The SoulCycle Boycott Seems Like It's Actually Working

A SoulCycle studio in New York City.
Photo: Drew Angerer/AP

Remember last month when a bunch of people got really upset that the billionaire who owns a group of trendy gyms was hosting a fundraiser for President Donald Trump in the Hamptons? Well, their calls for a boycott of at least one of those exercise companies, SoulCycle, seems to be working.

According to data by a web analytics company reported by Recode on Thursday, SoulCycle attendance has declined in the weeks following the news of Stephen Ross, who owns both Equinox and SoulCycle, hosting that August 7 fundraiser. From Recode, emphasis mine:

During the week that ended on Sunday, August 11, which includes dates both before and after the news, SoulCycle attendance declined about 1 percent compared with the same week a year earlier. That’s been followed with consistent declines of 6 percent to 7.5 percent in subsequent weeks. The data only includes SoulCycle locations across the US that were open last year, in order to be able to make the comparison.

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SoulCycle didn’t provide comment to Recode about the data, and the site, with the firm Earnest Research, only looked at the spin class chain, not Equinox. But Earnest’s lead data scientist Ried Niziak told Recode that the research company believes it achieved “near-perfect clarity” on SoulCycle attendance, so that’s something.

At the time of the reporting of Ross’ fundraiser for Trump, Ross said in a statement that he doesn’t agree with Trump on everything, but that he has a concern for “creating jobs” and the economy. SoulCycle and Equinox jointly distanced itself from Ross’ politics, saying they didn’t support the event and would always stay true to values of tolerance and equality.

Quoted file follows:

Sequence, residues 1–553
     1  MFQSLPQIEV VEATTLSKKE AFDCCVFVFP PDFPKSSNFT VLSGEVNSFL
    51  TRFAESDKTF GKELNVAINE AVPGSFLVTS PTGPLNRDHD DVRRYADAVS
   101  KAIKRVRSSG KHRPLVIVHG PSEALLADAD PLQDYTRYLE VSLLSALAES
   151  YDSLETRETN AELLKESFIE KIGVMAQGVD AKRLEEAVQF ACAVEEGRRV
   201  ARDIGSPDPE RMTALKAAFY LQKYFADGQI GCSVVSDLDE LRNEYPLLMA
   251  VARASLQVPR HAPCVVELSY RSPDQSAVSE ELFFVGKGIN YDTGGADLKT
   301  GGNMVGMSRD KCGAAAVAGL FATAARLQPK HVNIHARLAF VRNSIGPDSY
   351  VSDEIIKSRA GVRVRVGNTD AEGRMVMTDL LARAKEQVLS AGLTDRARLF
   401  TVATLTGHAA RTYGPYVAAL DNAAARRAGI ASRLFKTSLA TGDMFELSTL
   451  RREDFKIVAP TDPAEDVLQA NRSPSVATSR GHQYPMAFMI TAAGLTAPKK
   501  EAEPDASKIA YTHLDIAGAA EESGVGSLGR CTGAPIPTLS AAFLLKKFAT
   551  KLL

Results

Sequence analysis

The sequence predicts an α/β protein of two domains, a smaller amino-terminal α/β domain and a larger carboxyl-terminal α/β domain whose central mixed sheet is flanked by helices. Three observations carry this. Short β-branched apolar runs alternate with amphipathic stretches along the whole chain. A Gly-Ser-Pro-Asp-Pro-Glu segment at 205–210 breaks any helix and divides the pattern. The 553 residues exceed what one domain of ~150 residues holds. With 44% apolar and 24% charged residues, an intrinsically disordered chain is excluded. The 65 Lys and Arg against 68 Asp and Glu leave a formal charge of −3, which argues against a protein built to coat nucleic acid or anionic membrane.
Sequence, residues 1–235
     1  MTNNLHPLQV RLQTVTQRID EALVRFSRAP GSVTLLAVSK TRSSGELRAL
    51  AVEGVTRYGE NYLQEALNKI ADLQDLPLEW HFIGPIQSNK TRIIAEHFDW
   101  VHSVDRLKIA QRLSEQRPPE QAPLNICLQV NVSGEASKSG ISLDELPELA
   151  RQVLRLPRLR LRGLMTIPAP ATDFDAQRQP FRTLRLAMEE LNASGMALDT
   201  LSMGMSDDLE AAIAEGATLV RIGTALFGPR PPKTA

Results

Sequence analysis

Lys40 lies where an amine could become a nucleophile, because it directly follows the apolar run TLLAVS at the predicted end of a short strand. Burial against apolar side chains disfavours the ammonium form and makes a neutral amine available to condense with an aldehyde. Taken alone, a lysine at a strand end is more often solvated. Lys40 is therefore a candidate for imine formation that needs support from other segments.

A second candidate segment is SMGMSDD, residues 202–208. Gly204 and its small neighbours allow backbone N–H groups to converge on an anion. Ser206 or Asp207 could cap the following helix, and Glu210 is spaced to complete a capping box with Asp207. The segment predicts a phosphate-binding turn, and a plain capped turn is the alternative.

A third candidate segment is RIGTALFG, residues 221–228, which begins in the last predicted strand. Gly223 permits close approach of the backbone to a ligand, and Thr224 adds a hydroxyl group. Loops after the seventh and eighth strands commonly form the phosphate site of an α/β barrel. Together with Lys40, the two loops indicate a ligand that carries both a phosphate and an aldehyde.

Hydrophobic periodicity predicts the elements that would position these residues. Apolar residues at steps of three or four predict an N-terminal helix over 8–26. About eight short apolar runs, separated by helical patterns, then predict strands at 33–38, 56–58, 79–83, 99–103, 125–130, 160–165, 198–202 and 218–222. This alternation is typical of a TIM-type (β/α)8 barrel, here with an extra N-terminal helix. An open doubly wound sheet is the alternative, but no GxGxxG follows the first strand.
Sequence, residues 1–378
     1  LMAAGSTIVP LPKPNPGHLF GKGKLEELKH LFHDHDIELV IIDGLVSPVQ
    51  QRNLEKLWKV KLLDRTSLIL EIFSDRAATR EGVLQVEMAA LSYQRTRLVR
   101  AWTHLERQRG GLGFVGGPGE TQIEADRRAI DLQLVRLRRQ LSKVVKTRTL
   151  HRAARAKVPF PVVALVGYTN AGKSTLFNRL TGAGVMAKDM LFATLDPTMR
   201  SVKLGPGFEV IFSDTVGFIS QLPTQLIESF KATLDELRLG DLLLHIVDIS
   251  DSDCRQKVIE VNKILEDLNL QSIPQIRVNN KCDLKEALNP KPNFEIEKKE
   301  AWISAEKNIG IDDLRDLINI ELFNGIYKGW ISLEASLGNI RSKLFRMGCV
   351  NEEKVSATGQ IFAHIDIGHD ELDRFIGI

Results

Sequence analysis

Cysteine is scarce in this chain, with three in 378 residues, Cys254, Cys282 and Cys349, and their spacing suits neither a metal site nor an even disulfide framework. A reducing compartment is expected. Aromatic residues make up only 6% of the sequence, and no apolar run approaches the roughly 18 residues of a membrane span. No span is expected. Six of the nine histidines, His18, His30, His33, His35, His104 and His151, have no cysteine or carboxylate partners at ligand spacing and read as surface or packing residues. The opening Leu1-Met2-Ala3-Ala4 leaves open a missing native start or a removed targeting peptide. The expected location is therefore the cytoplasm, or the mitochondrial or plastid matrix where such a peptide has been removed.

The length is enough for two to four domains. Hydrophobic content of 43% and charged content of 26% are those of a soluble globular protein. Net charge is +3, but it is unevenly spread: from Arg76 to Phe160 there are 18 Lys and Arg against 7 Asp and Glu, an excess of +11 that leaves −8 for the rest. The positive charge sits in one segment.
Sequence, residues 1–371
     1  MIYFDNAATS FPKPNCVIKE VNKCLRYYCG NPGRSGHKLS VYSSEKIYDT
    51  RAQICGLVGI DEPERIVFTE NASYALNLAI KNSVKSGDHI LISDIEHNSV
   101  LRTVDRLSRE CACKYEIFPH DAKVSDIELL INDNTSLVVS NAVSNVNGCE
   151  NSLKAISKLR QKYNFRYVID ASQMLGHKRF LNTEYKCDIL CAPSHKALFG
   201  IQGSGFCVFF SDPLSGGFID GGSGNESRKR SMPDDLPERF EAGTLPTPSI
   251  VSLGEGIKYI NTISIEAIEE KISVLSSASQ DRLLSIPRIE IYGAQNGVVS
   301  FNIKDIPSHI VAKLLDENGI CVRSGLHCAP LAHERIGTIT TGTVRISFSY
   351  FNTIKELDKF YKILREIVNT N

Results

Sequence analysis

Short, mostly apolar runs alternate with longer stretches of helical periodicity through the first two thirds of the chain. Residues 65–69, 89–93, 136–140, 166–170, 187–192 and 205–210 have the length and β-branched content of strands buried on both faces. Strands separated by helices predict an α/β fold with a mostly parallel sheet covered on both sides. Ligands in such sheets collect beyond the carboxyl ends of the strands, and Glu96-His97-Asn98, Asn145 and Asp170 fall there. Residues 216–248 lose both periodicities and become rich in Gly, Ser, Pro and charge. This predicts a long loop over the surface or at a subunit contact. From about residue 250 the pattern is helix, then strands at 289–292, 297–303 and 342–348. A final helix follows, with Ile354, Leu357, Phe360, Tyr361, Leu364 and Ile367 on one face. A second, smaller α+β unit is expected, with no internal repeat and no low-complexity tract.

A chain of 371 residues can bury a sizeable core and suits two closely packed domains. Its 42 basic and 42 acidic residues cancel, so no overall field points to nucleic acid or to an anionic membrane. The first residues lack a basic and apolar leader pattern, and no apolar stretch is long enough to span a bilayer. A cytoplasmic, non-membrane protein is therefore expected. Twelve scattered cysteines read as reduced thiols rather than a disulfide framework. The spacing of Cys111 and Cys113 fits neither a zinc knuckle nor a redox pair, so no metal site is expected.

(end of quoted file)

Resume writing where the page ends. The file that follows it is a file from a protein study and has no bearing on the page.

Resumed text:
The Atlantic also reported today that Wharton professor Maurice Schweitzer, who had initially predicted little impact from the boycott, called SoulCycle’s attendance drop “larger than we would typically expect,” while Paul Koku, a business professor at Florida Atlantic University, told the magazine the numbers were “impressively high” and “very compelling.”

Meanwhile, one former SoulCycle customer told the Atlantic that boycotting the company after years of spinning came with other benefits:

After years of spinning, Zuppello’s local studio on Long Island has faded to a metaphorical blip in the rearview mirror of her actual bicycle. “I bike all over, and it’s far cheaper than SoulCycle,” she says. “And no one keeps my money if I decide last-minute to skip my ride.”

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Social justice reasons be damned, I guess.

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About the author

Samantha Grasso

Splinter Staff Writer, Texan